A New Jersey accountant who acted as an outside auditor for a Costa Rican firm faces additional charges for his part in an alleged $670 million fraud. Jorge Castillo, 56, an inactive CPA, and Minor Vargas Calvo, 60, president of Costa Rican-based Provident Capital Indemnity, were hit with charges this month under a superseding indictment.

The indictments were handed down this month in the Eastern District Court in Richmond, Va. The accusation stem from the alleged sale of $670 million in reinsurance bonds to life settlement companies in the United States and other countries.


Each man and PCI, a company registered in the Commonwealth of Dominica, is charged  with one count of conspiracy to commit mail and wire fraud, three counts of mail fraud and three counts of wire fraud. Vargas is charged with three counts of money laundering. The superseding indictment seeks forfeiture of more than $40 million from the two men and their company. They also face parallel action by the SEC.

The two were arrested in January and have been incarcerated pending a scheduled Feb. 13, 2012 trial. If convicted, Vargas and Castillo face up to 20 years in prison on each fraud count and 10 years for each money laundering count.

The superseding indictment alleges that from 2004 through 2010, PCI sold approximately $670 million of bonds to life settlement investment companies PCI issue bonds to companies that sold life settlements or securities backed by life settlements to investors. The buyers then allegedly used the bonds to claim they had eliminated the risk that individuals insured by underlying life insurance policies would outlive their life expectancies.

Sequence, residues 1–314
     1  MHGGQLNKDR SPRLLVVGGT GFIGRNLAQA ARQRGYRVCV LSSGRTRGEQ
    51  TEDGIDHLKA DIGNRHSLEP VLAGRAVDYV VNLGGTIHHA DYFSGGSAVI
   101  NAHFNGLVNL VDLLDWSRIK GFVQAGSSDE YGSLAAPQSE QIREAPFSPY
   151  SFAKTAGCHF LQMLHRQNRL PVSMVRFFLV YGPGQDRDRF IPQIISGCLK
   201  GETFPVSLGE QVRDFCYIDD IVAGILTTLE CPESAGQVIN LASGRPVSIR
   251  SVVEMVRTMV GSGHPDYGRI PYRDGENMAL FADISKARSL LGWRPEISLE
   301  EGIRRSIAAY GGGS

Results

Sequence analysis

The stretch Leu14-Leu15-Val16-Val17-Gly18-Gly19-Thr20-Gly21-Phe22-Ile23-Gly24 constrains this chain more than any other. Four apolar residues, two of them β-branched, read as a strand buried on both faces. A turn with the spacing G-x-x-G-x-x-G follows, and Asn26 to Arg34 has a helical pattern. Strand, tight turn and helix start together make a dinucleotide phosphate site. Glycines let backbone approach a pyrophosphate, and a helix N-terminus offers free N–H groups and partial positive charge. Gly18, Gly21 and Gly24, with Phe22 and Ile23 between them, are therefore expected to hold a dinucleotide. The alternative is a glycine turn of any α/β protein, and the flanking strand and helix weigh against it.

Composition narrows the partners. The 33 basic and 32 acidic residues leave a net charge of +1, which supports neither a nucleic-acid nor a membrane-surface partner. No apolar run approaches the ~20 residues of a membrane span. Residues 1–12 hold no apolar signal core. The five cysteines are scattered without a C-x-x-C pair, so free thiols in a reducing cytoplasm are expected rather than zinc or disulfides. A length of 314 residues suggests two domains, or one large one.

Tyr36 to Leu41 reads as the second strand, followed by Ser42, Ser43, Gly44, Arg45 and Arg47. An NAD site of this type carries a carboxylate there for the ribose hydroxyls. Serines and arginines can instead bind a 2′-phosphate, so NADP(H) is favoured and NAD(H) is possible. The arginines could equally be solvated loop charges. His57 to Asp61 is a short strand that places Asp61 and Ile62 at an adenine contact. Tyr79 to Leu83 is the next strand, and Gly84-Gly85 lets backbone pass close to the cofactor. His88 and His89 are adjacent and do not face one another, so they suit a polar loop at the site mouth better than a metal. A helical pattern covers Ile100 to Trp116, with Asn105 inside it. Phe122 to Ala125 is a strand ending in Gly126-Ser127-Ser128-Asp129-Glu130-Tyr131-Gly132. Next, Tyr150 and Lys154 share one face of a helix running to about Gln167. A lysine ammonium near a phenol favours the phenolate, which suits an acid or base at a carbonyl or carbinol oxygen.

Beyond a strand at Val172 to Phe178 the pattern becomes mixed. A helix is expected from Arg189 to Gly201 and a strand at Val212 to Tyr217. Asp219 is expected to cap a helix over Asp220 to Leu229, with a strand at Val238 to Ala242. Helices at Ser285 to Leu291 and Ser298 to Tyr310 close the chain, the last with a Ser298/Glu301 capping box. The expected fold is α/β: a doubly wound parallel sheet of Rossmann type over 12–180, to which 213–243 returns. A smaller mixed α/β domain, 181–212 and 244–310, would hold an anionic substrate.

PCI's clients sold investment offerings backed by the bonds to thousands of investors. Bond buyers were allegedly required to make up-front payments of six percent to 11 percent of the underlying settlement as "premium" payments to PCI before it would issue bonds.

The SEC action said the parties misrepresented issues such as whether PCI’s financial statements had been audited; the assets that backed PCI’s bonds; PCI’s credit rating; and the availability of reinsurance to cover claims on PCI’s bonds. The SEC said PCI fabricated millions of dollars in assets.

While PCI claimed its financial statements had been audited by Castillo, he conducted no audit, but instead issued clean audit reports "at Vargas's bidding." He issued reports from at least 2003 through 2009. Castillo lacked a basic understanding of life settlements and PCI's bonds, the SEC alleged. PCI also had no reinsurance to cover claims.

The SEC said that in February 2010 Castillo urged Vargas to destroy incriminating email messages and then tried to created backdated audit workpapers. The SEC also says that PCI has never registered to conduct insurance business in the United States.

In 2006, Vargas faced a cease-and-desist order from Texas for engaging in the unauthorized business of insurance in that state  and then in 2008 faced another cease-and-desist order there for selling unregistered bonds.

Last modified on Sunday, 02 June 2013
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